"told them that not only had Jack never seen this hole, but that
a lovely young lady designed it. As I walked away, I heard one
guy say, 'There goes an early-morning drunk for you.'"
April 25, 2004
Seventy-five years ago Marion Hollins--also a superb
player--showed Alister MacKenzie where to build the most
beautiful par-3 hole in golf, the cliff-hanging 16th at Cypress
Point. Yet today, when Annika Sorenstam can hold her own with the
men and Michelle Wie can outdrive many of them, rarely is a woman
allowed to design a course. Of the 158 members of the American
Society of Golf Course Architects, only three--Alice Dye; Jan
Beljan, who works for Tom Fazio; and Victoria Martz, an associate
of Arnold Palmer's--are women. Just four others--Lisa Maki,
Bettina Schrickel and Lorrie Viola in the U.S. and Line Mortenson
in Denmark--operate their own design companies.
"It's not that women don't want to come into this profession,"
says Martz, 56, whose courses include the TPC of the Twin Cities,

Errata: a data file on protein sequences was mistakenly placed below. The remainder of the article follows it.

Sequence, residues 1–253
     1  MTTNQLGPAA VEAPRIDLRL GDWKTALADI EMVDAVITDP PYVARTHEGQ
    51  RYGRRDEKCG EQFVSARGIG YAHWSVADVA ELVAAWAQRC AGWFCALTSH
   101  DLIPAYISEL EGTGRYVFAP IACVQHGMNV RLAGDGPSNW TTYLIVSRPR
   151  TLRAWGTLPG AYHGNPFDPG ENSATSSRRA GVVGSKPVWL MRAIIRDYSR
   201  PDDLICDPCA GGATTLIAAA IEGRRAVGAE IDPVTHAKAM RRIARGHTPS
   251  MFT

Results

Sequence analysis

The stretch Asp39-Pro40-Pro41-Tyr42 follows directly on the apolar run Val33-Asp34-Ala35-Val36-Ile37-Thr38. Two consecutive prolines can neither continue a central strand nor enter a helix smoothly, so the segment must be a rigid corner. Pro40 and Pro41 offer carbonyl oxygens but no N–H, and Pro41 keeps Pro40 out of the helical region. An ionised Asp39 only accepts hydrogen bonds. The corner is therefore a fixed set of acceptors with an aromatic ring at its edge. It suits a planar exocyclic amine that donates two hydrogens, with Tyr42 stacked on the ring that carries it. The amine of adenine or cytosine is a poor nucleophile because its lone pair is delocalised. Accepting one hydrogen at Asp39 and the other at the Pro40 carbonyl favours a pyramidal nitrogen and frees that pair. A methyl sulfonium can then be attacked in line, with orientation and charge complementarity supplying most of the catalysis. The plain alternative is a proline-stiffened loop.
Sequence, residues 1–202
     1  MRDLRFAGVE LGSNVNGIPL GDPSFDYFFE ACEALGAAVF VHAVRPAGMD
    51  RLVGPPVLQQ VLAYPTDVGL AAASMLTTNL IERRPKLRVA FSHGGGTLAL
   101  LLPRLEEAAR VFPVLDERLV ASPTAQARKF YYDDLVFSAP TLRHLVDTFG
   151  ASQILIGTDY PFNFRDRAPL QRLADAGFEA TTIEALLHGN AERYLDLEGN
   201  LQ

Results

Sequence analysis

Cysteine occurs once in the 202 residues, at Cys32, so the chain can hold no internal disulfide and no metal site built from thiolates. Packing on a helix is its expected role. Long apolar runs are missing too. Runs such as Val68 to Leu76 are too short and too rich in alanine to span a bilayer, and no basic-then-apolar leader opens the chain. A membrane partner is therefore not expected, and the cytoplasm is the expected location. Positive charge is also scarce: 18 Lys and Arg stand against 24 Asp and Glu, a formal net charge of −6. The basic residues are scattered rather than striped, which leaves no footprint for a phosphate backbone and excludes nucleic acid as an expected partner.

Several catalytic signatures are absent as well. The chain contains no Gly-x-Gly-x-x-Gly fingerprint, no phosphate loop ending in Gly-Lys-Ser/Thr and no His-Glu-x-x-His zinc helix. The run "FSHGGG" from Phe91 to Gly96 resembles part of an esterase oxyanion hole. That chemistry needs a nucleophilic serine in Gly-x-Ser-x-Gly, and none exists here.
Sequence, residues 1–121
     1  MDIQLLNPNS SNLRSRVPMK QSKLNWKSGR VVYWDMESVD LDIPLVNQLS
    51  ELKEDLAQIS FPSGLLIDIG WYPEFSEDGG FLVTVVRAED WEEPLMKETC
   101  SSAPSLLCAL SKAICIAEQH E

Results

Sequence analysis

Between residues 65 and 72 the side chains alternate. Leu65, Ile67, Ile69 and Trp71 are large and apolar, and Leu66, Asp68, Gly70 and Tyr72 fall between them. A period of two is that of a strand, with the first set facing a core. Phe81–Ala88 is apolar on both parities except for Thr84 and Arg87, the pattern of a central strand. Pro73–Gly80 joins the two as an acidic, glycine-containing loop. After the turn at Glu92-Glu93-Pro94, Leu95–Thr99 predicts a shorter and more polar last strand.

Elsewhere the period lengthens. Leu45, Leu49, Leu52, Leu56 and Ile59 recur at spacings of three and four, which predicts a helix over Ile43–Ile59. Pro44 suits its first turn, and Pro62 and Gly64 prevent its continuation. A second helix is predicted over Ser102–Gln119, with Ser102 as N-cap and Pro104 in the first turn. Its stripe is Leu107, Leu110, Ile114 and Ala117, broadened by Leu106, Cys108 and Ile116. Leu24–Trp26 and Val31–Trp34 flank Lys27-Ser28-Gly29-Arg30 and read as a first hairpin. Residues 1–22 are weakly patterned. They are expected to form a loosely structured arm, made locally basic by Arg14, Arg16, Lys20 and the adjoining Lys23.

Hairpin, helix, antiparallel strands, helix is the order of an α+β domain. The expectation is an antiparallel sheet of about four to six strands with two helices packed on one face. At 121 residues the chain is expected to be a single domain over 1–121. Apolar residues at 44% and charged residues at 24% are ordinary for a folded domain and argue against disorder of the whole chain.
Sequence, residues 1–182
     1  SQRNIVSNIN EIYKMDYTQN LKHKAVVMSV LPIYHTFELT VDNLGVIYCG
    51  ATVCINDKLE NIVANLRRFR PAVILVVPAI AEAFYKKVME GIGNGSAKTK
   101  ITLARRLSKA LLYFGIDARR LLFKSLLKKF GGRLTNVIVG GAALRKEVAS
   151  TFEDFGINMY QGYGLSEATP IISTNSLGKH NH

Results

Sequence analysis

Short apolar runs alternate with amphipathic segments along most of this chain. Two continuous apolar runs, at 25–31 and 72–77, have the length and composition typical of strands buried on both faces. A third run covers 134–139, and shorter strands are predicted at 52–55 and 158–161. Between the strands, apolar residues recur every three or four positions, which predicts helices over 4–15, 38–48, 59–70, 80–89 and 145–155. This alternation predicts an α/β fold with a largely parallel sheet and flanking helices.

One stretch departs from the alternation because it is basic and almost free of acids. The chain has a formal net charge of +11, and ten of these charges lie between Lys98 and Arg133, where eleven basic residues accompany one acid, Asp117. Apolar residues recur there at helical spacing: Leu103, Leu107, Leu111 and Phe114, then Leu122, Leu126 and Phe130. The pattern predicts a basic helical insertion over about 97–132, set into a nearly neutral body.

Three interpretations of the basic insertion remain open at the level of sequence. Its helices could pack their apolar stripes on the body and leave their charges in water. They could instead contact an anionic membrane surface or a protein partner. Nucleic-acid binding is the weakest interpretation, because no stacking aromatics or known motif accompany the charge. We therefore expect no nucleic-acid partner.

in Blaine, Minn., and Bay Creek, in Cape Charles, Va. "They
aren't really exposed to it, so they don't even know they can."
The problem, says Geoffrey Cornish, the 90-year-old dean of
American course designers, "has so much to do with our male
egos." Cornish is not referring to the egos of his fellow
architects, outsized as they can be. He's talking about the egos
of the men who hire designers. Men hire men to build and renovate
their courses because men have always hired men for such work.
"That is the hardest part of the job, just getting the job," says
Maki, 43, who designed the award-winning Stoneleigh Golf Club in
Round Hill, Va., and Willow Run outside Seattle. "It's especially
hard for a woman on her own to get a break."
"It's a macho thing, no doubt," says Ed Seay, Palmer's design
partner and Martz's mentor. "I'd like to see this change, but
it's going to take time. This part of golf has always been a
The first woman to design courses was May Dunn, the daughter of